Inland Water Vessel Powered By Cheaper, Environment-Friendly Fuel Flagged Off In Guwahati


Union Minister of Petroleum and Natural Gas Hardeep Singh Puri on Tuesday (24 January) inaugurated a demo-run of an inland water vessel powered by a blend of methanol and diesel (MD15).

The boat ride was conducted on a 50-seater motor launch vessel named ‘SB Gangadhar’, equipped with two Ruston diesel engines, and will run on MD-15 (15 per cent methanol blended High Speed Diesel).

“A mighty new initiative on Mahabahu Brahmaputra. In a unique step towards developing alternative sources of clean energy, very happy to flag off & ride on an inland water vessel using Methanol Blended Diesel MD15 with my colleague Rameshwar Teli Ji in Guwahati today,” Puri said in a tweet on Tuesday.

“This initiative is inspired by PM Shri Narendra Modi Ji’s vision to develop inland water connectivity in India’s North East. An environment friendly fuel, it will also be ₹5-7 cheaper and result in 20% less SOx & NOx emissions,” he added.

Methanol is a low carbon hydrogen carrier fuel that can be produced from high ash coal, agricultural residue, CO2 from thermal power plants, and natural gas. It is considered a viable option for meeting India’s commitment to COP 21.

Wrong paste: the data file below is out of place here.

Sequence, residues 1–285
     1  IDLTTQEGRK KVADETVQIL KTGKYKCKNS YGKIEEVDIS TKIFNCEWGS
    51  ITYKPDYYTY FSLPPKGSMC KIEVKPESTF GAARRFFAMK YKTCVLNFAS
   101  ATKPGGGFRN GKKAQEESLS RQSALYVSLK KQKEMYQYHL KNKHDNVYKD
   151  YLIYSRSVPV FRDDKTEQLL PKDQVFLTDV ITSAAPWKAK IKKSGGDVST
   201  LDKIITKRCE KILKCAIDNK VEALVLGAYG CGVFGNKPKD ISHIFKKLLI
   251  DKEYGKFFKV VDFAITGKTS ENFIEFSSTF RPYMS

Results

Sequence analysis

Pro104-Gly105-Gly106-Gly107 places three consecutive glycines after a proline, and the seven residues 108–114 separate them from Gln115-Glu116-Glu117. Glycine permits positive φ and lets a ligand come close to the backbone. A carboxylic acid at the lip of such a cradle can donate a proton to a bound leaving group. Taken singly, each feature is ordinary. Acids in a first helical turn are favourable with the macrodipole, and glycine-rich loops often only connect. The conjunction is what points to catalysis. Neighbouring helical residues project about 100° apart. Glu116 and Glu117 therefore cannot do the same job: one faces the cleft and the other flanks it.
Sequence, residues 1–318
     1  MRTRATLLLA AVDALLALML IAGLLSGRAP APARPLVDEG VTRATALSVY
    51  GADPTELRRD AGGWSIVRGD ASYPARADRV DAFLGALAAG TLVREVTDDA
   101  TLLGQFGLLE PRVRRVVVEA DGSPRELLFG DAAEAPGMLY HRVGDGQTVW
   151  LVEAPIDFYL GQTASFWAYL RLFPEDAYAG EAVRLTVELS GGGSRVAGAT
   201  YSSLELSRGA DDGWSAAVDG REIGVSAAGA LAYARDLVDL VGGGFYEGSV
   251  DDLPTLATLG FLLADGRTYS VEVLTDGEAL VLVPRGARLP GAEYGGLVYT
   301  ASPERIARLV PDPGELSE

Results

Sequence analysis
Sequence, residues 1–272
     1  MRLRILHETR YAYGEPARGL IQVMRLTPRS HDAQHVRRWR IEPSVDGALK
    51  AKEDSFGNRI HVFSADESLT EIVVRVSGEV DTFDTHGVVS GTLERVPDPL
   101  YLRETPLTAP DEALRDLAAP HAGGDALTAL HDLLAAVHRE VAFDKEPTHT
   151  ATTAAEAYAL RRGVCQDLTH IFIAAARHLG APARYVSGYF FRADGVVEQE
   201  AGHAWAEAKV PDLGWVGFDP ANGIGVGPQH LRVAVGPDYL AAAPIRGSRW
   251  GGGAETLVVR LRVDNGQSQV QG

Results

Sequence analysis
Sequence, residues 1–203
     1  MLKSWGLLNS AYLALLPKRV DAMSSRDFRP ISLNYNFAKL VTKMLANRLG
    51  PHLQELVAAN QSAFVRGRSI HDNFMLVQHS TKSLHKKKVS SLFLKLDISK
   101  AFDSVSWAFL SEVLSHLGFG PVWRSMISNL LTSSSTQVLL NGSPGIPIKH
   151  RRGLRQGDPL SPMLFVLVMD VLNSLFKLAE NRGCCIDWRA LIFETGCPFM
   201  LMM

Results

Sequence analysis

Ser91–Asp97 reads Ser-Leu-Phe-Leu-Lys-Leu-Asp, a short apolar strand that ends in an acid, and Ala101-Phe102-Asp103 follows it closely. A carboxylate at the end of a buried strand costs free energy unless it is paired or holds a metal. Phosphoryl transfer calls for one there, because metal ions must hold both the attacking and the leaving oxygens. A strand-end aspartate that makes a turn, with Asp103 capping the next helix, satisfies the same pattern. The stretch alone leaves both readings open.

Although it has slightly lower energy content than petrol and diesel, methanol can be used to replace both of these fuels in the transport sector, energy sector, and retail cooking.

In an interaction with the media, the minister stated that the Assam Petrochemical Limited (APL) in Namrup currently produces around 100 tonne per day (TPD) of methanol and is in the process of implementing a new project for producing 500 TPD of methanol.

He also mentioned that work is underway to establish Coal-to-Methanol plants in India using indigenous technology developed by BHEL, Thermax, and IIT Delhi.

Methanol is a cost-effective alternative marine fuel that is less expensive than other marine fuels and is economical in terms of developing the shoreside storage and bunkering infrastructure, the Petroleum Ministry said in a statement on Tuesday.

The cost to convert vessels to run on methanol is significantly less than other alternative fuel conversions with no need for expensive exhaust gas after treatment and as a liquid fuel, only minor modifications are needed for existing storage and bunkering infrastructure to handle methanol, it added.

Blending 15 per cent methanol in gasoline can result in a reduction of at least 15 per cent in the import of gasoline/crude oil and reduce GHG emissions by 20 per cent in terms of particulate matter, NOx, and SOx, thereby improving urban air quality, it said.